BEIJING — Chinese websites are censoring "Kim Fatty the Third,'' a nickname widely used to disparage North Korean leader Kim Jong Un, after officials from his country reportedly conveyed their displeasure in a meeting with their Chinese counterparts.
Searches for the Chinese words "Jin San Pang'' on the search engine Baidu and microblogging platform Weibo returned no results this week.
The nickname pokes fun at Kim's girth and his status as the third generation of the Kim family to rule the world's only hereditary communist dynasty. It's especially popular among young, irreverent Chinese who tend to look down on their country's would-be ally.
Relations between China and North Korea have been strained by the North's nuclear weapons program, which China has condemned along with South Korea, Japan, the United States and Russia. But Beijing continues to support the Kim regime with limited trade and diplomatic backing.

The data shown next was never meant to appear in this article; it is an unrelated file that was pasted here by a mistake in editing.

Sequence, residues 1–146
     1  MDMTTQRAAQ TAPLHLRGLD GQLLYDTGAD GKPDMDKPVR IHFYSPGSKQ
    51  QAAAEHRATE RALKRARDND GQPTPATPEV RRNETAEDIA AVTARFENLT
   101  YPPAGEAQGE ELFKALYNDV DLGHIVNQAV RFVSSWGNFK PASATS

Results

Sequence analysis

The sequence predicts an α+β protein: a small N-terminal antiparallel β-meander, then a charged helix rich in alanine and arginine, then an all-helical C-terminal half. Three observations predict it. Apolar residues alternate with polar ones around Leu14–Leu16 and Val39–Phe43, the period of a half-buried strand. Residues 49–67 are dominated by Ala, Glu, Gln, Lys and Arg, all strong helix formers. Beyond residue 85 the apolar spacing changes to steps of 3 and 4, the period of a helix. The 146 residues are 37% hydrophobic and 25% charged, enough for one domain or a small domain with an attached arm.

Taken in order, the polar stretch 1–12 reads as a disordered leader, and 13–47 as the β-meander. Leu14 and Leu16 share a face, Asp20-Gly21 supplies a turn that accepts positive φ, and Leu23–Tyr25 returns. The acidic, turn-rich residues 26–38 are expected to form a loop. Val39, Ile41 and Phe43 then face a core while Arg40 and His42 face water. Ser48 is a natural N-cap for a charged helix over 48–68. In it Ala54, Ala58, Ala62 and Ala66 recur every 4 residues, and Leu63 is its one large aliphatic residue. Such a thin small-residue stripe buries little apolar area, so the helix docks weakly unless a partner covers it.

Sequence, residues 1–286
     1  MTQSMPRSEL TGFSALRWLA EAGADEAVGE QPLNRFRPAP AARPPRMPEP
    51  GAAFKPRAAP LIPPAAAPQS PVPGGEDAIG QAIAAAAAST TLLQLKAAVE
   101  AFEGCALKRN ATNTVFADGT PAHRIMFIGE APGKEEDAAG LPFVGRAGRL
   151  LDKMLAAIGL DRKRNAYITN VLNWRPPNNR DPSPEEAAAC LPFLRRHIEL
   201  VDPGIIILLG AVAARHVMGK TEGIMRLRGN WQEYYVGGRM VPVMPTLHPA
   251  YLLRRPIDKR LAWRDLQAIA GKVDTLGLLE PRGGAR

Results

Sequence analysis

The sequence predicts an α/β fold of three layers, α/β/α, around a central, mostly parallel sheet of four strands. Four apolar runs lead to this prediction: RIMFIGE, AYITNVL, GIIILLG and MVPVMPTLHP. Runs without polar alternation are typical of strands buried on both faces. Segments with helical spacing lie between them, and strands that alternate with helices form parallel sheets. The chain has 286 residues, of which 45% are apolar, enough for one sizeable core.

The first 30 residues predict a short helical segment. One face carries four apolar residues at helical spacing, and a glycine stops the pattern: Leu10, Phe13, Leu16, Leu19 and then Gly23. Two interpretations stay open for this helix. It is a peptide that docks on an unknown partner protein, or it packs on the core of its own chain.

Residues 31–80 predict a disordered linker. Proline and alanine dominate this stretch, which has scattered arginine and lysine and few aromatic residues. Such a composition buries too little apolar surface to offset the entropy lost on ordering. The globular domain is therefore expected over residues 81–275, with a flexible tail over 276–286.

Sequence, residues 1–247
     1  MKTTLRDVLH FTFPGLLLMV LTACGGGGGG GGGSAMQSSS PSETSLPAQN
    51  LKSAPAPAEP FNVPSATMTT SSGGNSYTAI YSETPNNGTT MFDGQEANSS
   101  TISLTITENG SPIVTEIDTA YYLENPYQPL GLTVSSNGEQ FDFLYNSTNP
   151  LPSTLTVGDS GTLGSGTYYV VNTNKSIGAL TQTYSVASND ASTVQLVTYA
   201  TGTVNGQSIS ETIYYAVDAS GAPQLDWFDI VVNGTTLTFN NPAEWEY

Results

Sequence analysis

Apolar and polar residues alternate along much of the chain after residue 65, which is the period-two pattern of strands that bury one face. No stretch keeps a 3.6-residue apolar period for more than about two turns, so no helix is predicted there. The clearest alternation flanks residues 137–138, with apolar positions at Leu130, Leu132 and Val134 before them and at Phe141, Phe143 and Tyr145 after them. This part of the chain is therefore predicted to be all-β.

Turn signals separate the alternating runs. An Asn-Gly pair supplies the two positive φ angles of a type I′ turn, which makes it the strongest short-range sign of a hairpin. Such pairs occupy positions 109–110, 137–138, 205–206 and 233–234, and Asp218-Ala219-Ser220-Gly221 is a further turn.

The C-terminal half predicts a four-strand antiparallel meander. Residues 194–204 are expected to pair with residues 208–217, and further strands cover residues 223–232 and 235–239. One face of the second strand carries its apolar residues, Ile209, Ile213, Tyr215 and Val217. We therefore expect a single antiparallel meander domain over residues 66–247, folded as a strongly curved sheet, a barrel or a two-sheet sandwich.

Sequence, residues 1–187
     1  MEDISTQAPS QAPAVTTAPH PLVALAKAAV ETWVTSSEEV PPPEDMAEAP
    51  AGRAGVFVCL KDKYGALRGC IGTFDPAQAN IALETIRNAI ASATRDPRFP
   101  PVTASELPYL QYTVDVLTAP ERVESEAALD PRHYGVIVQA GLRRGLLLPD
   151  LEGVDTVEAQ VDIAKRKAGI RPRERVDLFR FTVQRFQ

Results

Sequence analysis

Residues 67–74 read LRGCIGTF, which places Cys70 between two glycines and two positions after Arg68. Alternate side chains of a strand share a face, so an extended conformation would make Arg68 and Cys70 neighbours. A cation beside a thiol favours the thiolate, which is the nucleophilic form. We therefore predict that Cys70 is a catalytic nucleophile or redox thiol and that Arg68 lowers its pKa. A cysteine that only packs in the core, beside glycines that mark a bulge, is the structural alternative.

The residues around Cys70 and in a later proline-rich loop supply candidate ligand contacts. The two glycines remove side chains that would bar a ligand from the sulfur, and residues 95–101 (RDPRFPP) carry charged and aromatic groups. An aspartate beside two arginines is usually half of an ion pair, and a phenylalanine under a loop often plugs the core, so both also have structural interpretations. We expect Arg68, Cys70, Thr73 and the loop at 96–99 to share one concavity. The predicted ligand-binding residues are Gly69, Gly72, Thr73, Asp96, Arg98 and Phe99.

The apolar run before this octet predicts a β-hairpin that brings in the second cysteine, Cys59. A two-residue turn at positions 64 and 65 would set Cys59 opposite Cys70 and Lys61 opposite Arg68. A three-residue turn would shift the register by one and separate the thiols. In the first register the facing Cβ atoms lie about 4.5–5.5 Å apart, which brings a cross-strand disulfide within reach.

North Korean leader Kim Jong-Un in an undated photo. (Photo: Getty)
North Korean officials, fearing that Kim would find out about the nickname, lodged a formal request with China recently to prohibit names disparaging Kim from appearing in the media, according to Hong Kong newspaper reports.
Chinese Foreign Ministry spokesman Geng Shuang said Wednesday that reports of the banning of "Jin San Pang'' didn't "comply with facts.''
"The Chinese government stays committed to building a healthy and civilized environment of opinions,'' he added. "We disapprove of referring to the leader of any country with insulting and mocking remarks.''
North Korean leader Kim Jong Un waves to the crowd in Pyongyang, North Korea on May 10, 2016. (Photo: EUTERS/Damir Sagolj)
"Kim Fatty the Third'' is such a widely used term in China that it is sometimes suggested by auto-complete algorithms on web portals such as Baidu, China's leading search engine. While searches for "Jin San Pang'' returned no results this week, Baidu left untouched results for other versions of the nickname, such as "Kim Fat Fat Fat.''
Baidu spokeswoman Tracy Hu declined to comment.
The Beijing-based company has typically said that its policy is to provide accurate search results while also complying with Chinese regulations.
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